First impressions: The minute our train rolled to a stop at Fabro-Ficulle, we saw our beautiful Jan, waving like crazy and yelling “Buone sera!” We drove for a few miles to the top of a very tall rolling hill, and finally pulled up to the beautiful home overlooking their olive orchard. Honestly, it looks like something out of a story book: exquisite stonework and faultless attention to detail, right down to the white roses and the antique olive wagon in the front garden with the pale pink wagon wheels.
Our first night Rosenda and Jan made a phenomenal floor picnic by the fire: red wine, bresaola, pecorino cheeses (three different ages), a crusty whole grain bread, tear-drop tomatoes and the biggest, greenest olives I’ve ever seen. To me they looked like dragon eggs.
Breakfast every morning was pretty much the same: eggs, freshly sliced toast, yogurt, homemade jam and coffee with freshly squeezed orange juice. Then we would start our day with some sort of long walk or day trip to another city.
The Truffle Lady:
OK. Hands down the cutest Italian we met so far was the truffle lady of Monteleone. She just looks like she ought to have her face on a bottle of spaghetti sauce — the stereotypical Italian “Nonna” who wants to feed her babies. I loved this woman. She runs the “Tartuffo Store” in Monteleone and cans and jars many of those sauces herself. Of course, while we were there, we bought a couple of jars of truffles preserved in oil to take home for dinner on a cold night in London.
Our Beautiful Friends:
This entire trip was planned so that we could spend time with our friends Rosenda and Jan. I had met Jan at Kalari Rasayana when I lived in India. In fact, there are a couple of articles about Jan on this same website. The minute I met Jan I felt like he must have been a brother in another life. He was a soulmate…a perfect gentleman who loved me instantly and wanted only the best for me. When he found out I was going to Dubai after I left the spa, he said “You MUST meet my beautiful wife Rosenda. You will LOVE her — and she will simply adore you.” So the next weekend, Rosenda and I met up in Dubai and spent an entire day wandering from gallery to gallery, eating lunch together, touring a chocolate factory and falling in love with our new friend.
Leon met Jan and Rosenda for the first time on New Year’s Day this year when we drove to Paris to see our other friends, Florence and Pascal. We celebrated New Year’s Eve with them and then spent all of New Year’s Day with Jan and Rosenda. Before the day was out we were planning to fly to Italy to help them with their olive harvest and the pressing of their own oil. In Italy Olive oil is life…it is very personal and it is something to be shared with your friends. Jan and Rosenda have about 250 olive trees so the harvest usually takes about 10 people about five days. So we immediately signed up to volunteer. For one reason or another, Jan and Rosenda decided to let the trees rest this year and not collect the olives for pressing. So instead we just spent our time together sightseeing and telling stories.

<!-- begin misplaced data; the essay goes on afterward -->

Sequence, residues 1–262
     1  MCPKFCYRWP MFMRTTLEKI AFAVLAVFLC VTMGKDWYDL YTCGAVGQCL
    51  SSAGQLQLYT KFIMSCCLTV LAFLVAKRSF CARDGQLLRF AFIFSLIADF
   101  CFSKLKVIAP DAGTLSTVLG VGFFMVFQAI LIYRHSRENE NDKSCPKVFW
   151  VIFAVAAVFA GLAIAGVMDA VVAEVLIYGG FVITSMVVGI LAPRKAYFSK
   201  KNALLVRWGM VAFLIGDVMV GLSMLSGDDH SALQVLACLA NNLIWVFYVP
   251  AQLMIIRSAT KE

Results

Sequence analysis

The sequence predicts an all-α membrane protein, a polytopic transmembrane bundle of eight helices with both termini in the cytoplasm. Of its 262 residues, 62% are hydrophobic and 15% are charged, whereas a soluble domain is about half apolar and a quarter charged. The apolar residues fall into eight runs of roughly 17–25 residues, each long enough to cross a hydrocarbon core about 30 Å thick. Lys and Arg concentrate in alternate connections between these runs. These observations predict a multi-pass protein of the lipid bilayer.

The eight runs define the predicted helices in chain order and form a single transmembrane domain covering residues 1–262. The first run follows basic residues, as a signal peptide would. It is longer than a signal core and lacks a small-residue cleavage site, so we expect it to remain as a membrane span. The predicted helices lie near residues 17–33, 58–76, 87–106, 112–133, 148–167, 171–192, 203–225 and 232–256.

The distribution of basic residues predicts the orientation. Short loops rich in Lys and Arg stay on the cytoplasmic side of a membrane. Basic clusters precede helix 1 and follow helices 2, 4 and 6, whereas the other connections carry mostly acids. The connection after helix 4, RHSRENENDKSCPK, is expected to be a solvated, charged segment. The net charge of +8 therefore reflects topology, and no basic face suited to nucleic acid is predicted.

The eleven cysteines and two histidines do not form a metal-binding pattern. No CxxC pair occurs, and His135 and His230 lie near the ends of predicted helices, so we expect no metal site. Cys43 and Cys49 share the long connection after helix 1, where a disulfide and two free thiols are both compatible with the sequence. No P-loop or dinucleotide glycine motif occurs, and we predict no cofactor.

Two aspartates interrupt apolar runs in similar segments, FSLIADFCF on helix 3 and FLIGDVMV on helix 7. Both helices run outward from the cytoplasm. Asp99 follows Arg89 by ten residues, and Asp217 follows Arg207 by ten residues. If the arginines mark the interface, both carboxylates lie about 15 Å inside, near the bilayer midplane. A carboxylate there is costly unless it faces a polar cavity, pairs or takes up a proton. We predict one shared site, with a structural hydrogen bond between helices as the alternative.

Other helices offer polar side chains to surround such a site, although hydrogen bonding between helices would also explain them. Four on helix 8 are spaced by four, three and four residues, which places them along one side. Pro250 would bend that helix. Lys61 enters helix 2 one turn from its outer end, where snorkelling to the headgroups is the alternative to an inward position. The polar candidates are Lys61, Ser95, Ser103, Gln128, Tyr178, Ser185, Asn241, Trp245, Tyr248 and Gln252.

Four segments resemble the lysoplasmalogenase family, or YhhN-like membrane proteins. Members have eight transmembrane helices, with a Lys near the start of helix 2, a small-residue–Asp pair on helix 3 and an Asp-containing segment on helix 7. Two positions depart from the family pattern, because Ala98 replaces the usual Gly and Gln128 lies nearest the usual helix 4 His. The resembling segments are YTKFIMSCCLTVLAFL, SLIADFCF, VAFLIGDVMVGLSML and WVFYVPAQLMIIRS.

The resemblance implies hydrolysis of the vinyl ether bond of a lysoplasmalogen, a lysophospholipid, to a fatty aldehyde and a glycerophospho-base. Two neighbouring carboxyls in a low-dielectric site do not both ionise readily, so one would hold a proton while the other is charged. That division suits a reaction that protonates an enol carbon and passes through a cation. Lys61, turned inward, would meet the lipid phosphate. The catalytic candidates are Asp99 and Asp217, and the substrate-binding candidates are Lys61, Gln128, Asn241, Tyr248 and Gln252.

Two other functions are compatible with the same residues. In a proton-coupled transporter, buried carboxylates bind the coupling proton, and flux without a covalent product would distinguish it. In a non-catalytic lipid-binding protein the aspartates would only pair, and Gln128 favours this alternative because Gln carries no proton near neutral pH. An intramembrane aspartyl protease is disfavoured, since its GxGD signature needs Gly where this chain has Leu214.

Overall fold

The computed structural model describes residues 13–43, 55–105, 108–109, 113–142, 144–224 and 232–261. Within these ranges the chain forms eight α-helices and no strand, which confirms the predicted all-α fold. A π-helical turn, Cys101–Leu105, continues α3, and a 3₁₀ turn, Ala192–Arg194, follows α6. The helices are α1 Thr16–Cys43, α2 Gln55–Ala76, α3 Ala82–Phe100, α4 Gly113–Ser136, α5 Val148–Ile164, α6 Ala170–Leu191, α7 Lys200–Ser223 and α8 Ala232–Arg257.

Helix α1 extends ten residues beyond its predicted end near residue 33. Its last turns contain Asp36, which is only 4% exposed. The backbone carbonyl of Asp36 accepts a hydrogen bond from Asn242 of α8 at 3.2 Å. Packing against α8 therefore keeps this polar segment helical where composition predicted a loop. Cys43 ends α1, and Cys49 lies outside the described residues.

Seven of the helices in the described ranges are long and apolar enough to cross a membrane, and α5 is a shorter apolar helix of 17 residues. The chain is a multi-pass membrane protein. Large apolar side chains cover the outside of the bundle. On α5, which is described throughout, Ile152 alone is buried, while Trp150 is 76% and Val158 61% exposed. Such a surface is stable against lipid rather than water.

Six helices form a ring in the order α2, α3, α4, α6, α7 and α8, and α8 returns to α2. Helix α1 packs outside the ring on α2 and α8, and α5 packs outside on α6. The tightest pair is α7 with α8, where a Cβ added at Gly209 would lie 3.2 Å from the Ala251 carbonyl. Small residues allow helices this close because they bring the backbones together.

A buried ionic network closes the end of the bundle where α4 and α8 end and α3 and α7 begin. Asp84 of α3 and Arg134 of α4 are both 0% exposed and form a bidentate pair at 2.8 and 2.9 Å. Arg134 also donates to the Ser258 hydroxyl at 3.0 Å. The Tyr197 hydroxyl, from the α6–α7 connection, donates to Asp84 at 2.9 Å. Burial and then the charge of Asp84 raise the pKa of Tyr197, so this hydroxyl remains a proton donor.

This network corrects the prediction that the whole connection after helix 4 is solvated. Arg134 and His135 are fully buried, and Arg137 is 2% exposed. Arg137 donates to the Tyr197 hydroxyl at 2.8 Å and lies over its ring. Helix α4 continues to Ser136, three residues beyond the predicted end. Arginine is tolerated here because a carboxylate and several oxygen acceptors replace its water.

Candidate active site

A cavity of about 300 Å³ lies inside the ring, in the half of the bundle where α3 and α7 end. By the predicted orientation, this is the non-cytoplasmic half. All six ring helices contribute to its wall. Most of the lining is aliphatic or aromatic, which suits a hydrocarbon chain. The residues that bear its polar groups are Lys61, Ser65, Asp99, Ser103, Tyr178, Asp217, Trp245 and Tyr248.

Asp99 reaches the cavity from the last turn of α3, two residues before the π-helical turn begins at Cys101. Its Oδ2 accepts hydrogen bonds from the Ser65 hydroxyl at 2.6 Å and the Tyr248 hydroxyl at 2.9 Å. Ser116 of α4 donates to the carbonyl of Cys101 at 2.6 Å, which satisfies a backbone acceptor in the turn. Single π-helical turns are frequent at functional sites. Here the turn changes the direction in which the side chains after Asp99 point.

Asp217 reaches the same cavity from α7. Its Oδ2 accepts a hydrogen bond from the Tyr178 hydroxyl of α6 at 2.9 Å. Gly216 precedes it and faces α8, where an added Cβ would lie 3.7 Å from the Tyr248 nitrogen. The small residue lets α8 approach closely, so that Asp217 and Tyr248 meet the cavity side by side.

The highlights were plentiful: Leon gave Jan a dancing lesson, teaching him to waltz. The next morning, Jan came downstairs smiling that beautiful smile saying he dreamed he was dancing all night long in his sleep.
The four of us spent hours upon hours together over the past week just talking, laughing, walking, drinking wine and coffee — and telling the stories of our lives. We laughed, we cried, we cooked together, we ate together, we even fell silent and simply shared the space. And when we parted, it was more as family than as friends. And then the most amazing thing happened.
Jan and Rosenda’s friends, Mike and Penny Cartier came to stay for the weekend and we loved them too! They are funny and smart and easy-going. Mike has over 30 years as an ExPat from Minnesota and he and his wife, Penny (a Brit) live in the south of France right now and came to visit the olive trees — and of course, Rosenda and Jan.
We made each other laugh — a lot. And one of the best parts of the weekend was watching the Bromance the three boys fell into. They even went to the local cafe to get espressos on Sunday morning…no girls allowed. It was so adorable watching the three of them walk off together like schoolmates that I took a quick photo to remember the feeling that all three wives had watching them stroll off together. We definitely hope Mike and Penny come visit us in London. We would love that!
Rosenda is Italian — born and raised not more than 100 kilometers from Monteleone. Rosenda knows Italian food. She made us so many beautiful dishes while we were there: freshly-made tagliatelle bolognese, rack of lamb with garlic and rosemary, truffle risotto, vegetables and two beautiful picnic dinners in front of the fire and on fine linen. But the real joy was cooking with Rosenda, sharing the space, tasting and chatting and drinking good wine while we cooked. Cooking together is such an intimate way to be with a friend — and we treasured every moment of it.
Saying goodbye to our friends, new and old, was difficult. But we know we’ll see them again soon. There’s always the olive harvest next year!
Quote of the day:
Non si fa! (Translation – It’s just not done!) Rosenda, being Italian, jokes that Italians are the “Taliban” of Food. There are many rules that Rosenda considers absolutely non-negotiable. ALWAYS use the very best olive oil you can get. You can NEVER get good olive oil from a factory…It’s made with olive dust. NEVER eat gelato in the winter. NEVER serve pasta at the same time as the main dish. ALWAYS serve wine with a meal. NEVER add tomato sauce to your beef ragu. (The list goes on and on.) Every time Leon or I would try to deviate from the proper procedure, we heard, “Non si fa!” (It’s just not done!) I love that phrase. (I predict I’ll use it a lot in the future!)
Nothing could have been more wonderful than spending time with our beautiful Rosenda and Jan. We are so blessed to have such remarkable friends.